Parents do have the right to refuse vaccinations, but the nurse has the responsibility of ensuring the parents have adequate information about the diseases and vaccinations. Informing the parent about possible consequences of contracting a disease is an important part of this job. The nurse should not just acquiesce and say the parent knows best without educating him or her. The other two options are threatening, and it is not illegal for a parent to opt out of vaccinations.

Cognitive Level: Application/Applying
Content Area: Pediatrics/Maternity
Patient Needs: Health Promotion and Maintenance
Integrated Process: Communication and Documentation
Difficulty: Easy

PTS: 1

35. A nurse has given an infant a vaccination. Which information is important to document specifically for this vaccination?
A. Date of next regularly scheduled immunization
B. Drug, dose, site of administration, infants reaction
C. Parental education provided before administration
D. Vaccine information sheet given before administration
ANS: D
The nurse is legally required to provide the appropriate vaccine information sheet to the parent/guardian prior to administering a vaccination. The other information is important to document too, but is not specific for vaccinations.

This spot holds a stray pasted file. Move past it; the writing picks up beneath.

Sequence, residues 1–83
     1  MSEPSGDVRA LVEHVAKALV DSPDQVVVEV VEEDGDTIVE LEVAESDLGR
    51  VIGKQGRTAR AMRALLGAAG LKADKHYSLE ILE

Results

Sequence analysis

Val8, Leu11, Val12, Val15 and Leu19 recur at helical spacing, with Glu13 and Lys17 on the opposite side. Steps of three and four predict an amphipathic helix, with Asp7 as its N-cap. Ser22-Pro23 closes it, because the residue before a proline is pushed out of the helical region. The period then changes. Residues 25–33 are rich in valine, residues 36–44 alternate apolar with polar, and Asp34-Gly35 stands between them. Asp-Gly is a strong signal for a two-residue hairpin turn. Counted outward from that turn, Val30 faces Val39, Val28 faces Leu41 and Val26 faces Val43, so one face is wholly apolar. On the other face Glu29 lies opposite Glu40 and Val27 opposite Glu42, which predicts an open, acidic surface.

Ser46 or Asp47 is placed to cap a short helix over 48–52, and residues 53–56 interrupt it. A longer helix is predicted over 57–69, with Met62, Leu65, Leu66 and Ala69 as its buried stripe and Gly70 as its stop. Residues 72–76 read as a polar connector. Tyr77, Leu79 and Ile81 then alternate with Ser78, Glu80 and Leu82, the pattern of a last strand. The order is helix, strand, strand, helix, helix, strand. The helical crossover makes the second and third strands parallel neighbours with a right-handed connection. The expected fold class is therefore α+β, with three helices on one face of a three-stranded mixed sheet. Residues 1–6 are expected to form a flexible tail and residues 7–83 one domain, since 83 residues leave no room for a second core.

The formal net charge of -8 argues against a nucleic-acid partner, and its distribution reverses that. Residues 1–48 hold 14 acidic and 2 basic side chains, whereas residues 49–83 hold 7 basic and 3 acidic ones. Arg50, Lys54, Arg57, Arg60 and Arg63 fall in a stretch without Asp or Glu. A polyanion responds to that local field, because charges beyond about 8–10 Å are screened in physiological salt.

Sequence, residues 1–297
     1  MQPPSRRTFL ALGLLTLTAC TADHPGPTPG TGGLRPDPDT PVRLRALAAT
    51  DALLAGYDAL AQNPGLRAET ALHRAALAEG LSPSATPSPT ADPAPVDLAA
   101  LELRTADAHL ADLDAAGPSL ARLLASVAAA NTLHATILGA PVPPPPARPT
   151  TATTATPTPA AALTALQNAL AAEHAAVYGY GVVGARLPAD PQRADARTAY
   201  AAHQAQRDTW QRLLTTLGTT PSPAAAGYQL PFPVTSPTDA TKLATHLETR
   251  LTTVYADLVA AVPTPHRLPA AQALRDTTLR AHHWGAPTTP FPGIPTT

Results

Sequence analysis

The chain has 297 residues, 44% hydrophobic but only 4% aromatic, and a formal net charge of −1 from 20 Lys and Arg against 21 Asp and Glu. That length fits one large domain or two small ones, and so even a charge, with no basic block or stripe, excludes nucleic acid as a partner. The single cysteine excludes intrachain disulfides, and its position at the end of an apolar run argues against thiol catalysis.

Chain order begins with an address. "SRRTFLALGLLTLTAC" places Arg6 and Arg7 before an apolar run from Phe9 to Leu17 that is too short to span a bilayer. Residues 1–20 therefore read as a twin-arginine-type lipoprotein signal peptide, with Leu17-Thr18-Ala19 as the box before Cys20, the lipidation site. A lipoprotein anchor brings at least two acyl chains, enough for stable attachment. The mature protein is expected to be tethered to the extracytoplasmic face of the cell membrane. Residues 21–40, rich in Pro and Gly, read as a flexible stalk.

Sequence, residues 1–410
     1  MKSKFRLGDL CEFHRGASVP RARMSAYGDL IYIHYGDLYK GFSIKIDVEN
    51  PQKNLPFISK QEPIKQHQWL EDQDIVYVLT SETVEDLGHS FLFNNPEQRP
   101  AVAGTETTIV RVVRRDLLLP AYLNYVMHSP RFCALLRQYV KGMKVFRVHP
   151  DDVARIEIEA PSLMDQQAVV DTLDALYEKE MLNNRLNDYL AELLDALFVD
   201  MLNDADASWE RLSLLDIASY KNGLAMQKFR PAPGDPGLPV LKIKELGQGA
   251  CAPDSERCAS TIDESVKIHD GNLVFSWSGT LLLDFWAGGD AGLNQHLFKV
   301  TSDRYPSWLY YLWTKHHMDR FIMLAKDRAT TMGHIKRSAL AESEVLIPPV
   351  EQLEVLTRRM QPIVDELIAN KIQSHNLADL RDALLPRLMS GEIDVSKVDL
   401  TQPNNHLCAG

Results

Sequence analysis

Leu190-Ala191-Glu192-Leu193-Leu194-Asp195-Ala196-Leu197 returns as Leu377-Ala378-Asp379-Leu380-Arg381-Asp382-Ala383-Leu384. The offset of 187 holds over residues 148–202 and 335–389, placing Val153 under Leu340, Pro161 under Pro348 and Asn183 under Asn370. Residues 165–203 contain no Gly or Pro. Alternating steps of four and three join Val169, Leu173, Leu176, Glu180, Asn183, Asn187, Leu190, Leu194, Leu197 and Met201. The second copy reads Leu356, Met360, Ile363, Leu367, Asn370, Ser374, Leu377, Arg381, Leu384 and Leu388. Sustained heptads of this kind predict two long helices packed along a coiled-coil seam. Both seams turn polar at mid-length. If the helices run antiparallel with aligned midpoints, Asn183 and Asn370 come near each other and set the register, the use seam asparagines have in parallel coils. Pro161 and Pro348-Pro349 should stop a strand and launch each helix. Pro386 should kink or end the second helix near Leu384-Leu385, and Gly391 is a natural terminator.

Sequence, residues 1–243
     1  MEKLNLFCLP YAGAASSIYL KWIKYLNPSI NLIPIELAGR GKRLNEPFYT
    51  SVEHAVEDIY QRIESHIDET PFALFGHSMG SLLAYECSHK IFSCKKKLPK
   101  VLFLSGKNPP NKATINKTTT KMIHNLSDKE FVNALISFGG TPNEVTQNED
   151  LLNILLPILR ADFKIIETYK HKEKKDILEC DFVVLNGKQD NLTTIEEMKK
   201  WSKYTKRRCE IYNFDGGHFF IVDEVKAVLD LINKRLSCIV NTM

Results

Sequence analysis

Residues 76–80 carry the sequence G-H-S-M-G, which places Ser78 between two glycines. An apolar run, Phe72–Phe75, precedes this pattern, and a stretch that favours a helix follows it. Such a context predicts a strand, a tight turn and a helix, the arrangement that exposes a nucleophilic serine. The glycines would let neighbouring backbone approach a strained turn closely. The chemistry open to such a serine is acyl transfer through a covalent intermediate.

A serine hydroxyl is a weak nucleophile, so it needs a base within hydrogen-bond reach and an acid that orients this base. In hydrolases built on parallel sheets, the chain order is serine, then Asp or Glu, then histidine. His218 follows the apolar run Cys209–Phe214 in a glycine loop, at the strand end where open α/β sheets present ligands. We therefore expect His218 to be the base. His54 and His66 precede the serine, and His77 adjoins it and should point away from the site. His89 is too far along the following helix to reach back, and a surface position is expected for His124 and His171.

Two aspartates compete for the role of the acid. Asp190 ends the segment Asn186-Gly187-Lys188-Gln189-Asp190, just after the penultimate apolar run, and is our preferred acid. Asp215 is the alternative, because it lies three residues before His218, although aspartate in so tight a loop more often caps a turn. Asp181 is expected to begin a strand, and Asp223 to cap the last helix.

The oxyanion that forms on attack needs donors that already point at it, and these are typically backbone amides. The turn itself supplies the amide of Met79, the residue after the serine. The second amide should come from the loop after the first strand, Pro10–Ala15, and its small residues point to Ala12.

Cognitive Level: Application/Applying
Content Area: Pediatrics/Maternity
Patient Needs: Safe and Effective Care Environment: Management of Care
Integrated Process: Communication and Documentation
Difficulty: Easy

PTS: 1

36. A patient was hospitalized 2 years ago with a resistant bacterial infection. The patient is admitted for an unrelated problem and placed on contact isolation. The parents question the need for this action. Which response by the nurse is best?
A. It is possible that your child could still contaminate the nursing staff.
B. Its our policy to isolate anyone who has had this infection in the past.
C. This seems distressing for you; would you like me to call the charge nurse?
D. Your child may be colonized with the bacteria so we isolate until we know.
ANS: D
A person who had a bout with a resistant bacteria may be colonized. Many facilities require placing such patients in isolation until this has been ruled out. This is the most factual and informative answer. Contaminating the nursing staff is not really the problem; the nursing staff spreading the organism to susceptible patients is. The nurse should provide information and not just call someone else to explain. Telling the parents that this practice is policy may be true, but does not give them any information.

Cognitive Level: Application/Applying
Content Area: Pediatrics/Maternity
Patient Needs: Safe and Effective Care Environment: Safety and Infection Control
Integrated Process: Communication and Documentation
Difficulty: Moderate

PTS: 1

37. A nurse is caring for a patient taking lamivudine (Epivir). Which laboratory test is most important for the nurse to assess?
A. CD4+ count
B. Hemoglobin
C. Platelet count
D. White blood cell count